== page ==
3 Things I Expect from 13 Reasons Why

Jay Asher's young adult novel 13 Reasons Why changed my life. I know that might sound dramatic, but I really believe it's true—this book taught me so much about being nicer, about understanding that everything you do matters, and about being conscious of the fact that you can never truly know what is happening in someone else’s life. I can’t even count the number of times I’ve read it. When Netflix announced its upcoming 13-installment adaptation of the novel (with Selena Gomez as producer!!) I was understandably excited. In fact, I was stoked; I followed all the related social media immediately, and over spring break I reread the book for the thousandth time so it would be fresh in my mind for March 31. After watching the full trailer, though, I was worried; there were so many moments there that hadn’t been in the novel, like Clay confronting the other students on the tapes, and Hannah’s parents reaching out to the school. To me, it feels really important that the Netflix series is true to the novel, but it doesn’t seem that’s going to be the case.

I’ve watched the first episode of the series so far, and I’m bummed to say that it really disappointed me. I’ll write up a full review after I’ve finished all 13 episodes but, until then, these are the 3 things I expect from this series that it has not yet delivered.

  1. For Clay to listen to all the tapes in one long night. I already know this won't happen in the series because I've watched the first episode and read a review, and I’m pretty annoyed about it. Clay staying up all night, desperate to know where he fits into Hannah’s story, is imperative to the plot. It made the book matter more to me, drove the action, made it heavier and darker and more intense. Spreading the action out over a few days breaks it up too much and, I think, really takes away from the story.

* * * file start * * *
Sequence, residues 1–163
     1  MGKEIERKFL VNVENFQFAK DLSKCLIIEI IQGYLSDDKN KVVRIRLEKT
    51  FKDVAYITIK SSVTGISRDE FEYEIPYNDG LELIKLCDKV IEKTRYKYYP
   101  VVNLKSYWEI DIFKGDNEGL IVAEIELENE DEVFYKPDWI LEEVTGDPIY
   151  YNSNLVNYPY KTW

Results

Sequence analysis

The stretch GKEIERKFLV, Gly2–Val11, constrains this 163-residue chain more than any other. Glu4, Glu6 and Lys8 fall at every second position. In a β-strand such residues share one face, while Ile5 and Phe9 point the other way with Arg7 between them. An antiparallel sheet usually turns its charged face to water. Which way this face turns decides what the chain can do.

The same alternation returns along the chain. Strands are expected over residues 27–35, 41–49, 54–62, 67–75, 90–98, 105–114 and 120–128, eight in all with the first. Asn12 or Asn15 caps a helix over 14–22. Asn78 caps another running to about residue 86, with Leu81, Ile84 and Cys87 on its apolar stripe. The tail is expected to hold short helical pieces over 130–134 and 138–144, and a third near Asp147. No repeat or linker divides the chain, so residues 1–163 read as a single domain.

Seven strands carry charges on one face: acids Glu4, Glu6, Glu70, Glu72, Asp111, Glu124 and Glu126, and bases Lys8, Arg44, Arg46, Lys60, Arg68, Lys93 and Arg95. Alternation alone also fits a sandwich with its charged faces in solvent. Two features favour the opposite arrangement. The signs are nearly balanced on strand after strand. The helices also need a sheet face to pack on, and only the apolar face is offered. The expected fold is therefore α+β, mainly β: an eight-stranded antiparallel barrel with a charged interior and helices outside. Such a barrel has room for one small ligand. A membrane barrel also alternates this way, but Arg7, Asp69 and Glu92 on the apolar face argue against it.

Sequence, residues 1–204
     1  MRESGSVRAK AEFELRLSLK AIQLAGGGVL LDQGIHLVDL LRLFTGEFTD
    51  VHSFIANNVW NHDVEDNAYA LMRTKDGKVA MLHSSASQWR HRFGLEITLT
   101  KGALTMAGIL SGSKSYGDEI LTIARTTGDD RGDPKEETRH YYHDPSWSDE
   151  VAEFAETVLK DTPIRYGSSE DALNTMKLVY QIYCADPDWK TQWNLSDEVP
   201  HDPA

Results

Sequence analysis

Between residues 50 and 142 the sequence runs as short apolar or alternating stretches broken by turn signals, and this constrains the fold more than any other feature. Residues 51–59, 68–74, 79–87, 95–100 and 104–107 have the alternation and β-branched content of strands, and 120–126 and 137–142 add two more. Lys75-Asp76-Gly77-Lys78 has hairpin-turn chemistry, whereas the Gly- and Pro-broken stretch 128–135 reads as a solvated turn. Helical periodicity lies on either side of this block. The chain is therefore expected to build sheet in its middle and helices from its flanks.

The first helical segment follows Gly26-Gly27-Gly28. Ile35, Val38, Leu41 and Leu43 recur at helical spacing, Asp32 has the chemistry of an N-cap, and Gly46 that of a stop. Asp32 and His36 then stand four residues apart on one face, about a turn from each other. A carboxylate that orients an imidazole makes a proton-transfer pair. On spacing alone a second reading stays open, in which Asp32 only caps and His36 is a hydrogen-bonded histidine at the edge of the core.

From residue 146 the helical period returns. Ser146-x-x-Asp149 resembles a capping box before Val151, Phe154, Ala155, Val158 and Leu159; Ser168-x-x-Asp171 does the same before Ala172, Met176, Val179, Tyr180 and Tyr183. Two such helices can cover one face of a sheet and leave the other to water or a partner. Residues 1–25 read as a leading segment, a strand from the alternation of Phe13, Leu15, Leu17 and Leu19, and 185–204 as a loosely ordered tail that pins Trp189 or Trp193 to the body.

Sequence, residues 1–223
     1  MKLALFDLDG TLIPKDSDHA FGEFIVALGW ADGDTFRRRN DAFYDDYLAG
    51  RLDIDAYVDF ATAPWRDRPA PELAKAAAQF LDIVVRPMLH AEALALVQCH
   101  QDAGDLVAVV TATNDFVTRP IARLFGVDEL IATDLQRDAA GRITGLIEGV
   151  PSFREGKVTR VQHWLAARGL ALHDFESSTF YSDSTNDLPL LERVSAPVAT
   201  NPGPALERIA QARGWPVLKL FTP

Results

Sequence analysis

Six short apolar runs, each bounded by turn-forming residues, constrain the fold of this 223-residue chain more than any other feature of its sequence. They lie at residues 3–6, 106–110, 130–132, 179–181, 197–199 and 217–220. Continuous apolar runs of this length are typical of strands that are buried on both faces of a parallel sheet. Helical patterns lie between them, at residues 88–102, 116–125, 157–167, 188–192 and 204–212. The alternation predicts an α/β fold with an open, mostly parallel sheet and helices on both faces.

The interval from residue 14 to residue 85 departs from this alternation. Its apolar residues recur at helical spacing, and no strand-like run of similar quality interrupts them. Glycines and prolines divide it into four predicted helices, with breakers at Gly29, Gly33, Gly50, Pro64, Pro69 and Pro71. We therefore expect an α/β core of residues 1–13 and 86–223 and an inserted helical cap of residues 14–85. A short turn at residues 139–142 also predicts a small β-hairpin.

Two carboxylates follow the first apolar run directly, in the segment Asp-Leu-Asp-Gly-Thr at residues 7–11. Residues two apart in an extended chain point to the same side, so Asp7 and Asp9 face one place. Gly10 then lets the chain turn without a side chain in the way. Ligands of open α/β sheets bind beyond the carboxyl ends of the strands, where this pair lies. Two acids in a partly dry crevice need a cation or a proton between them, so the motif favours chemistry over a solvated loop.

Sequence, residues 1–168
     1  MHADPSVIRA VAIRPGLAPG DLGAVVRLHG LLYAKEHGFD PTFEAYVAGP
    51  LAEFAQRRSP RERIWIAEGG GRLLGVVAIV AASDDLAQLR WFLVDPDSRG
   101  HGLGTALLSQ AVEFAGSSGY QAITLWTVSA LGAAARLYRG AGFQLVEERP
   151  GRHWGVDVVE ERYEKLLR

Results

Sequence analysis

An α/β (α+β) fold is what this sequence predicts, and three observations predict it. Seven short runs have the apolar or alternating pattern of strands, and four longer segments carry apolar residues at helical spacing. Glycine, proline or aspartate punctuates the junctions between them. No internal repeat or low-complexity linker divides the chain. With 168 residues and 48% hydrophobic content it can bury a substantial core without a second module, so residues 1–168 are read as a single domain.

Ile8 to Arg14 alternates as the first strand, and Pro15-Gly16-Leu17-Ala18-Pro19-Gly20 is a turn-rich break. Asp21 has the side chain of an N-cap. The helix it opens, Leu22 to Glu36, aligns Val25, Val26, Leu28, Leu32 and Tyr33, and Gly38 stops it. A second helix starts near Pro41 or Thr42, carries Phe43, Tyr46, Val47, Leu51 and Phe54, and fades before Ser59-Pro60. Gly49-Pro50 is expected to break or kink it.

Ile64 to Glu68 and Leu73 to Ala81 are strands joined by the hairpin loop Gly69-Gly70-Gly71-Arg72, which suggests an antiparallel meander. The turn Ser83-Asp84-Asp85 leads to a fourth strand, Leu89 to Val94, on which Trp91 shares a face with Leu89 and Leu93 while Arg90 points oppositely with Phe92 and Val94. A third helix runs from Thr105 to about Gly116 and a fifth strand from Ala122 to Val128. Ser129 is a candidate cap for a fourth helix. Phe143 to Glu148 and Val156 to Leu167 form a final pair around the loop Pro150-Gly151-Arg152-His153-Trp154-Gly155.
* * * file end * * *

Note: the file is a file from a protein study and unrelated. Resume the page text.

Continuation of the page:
2. To spend a lot of time in Clay’s head. This is important. As the tapes continue and it gets later in the night Clay gets less and less reliable. And that is important for our experience reading the book/watching the series. We get as exhausted as Clay does—which makes the heavy material even heavier, even harder to deal with, and even more effective. I have to come up for air pretty often every time I read 13 Reasons Why—I don’t think I would if we didn’t get to spend as much time in Clay’s head.

  3. A significant lack of adults/adult perspective. In one episode of the Netflix series I’ve already seen way too many adults for my liking. I think the lack of adults and adult perspective in the book is part of what makes the material feel so intense. It’s an important piece of the psychology of being in high school—when you’re Hannah’s age, in Hannah’s mind, nothing exists further than what’s right in front of you. There’s no out for Hannah because it’s hard for her to think beyond what’s happening to her right now. Adult perspective takes that away, I think. For us to understand Hannah we need to think like Hannah—we need to see no other options, the way Hannah did. It’s not that adults are always able to help young people out of their depression, or that adults don’t experience depression—rather, it’s Hannah’s isolation (and Clay's, as he listens to the tapes) that is important here.

Clearly, I’ve gone into 13 Reasons Why on Netflix with a bad attitude. As I continue to watch, I’m going to try to be more positive about it. I really, really want to like this. You’ll hear more from me about it later.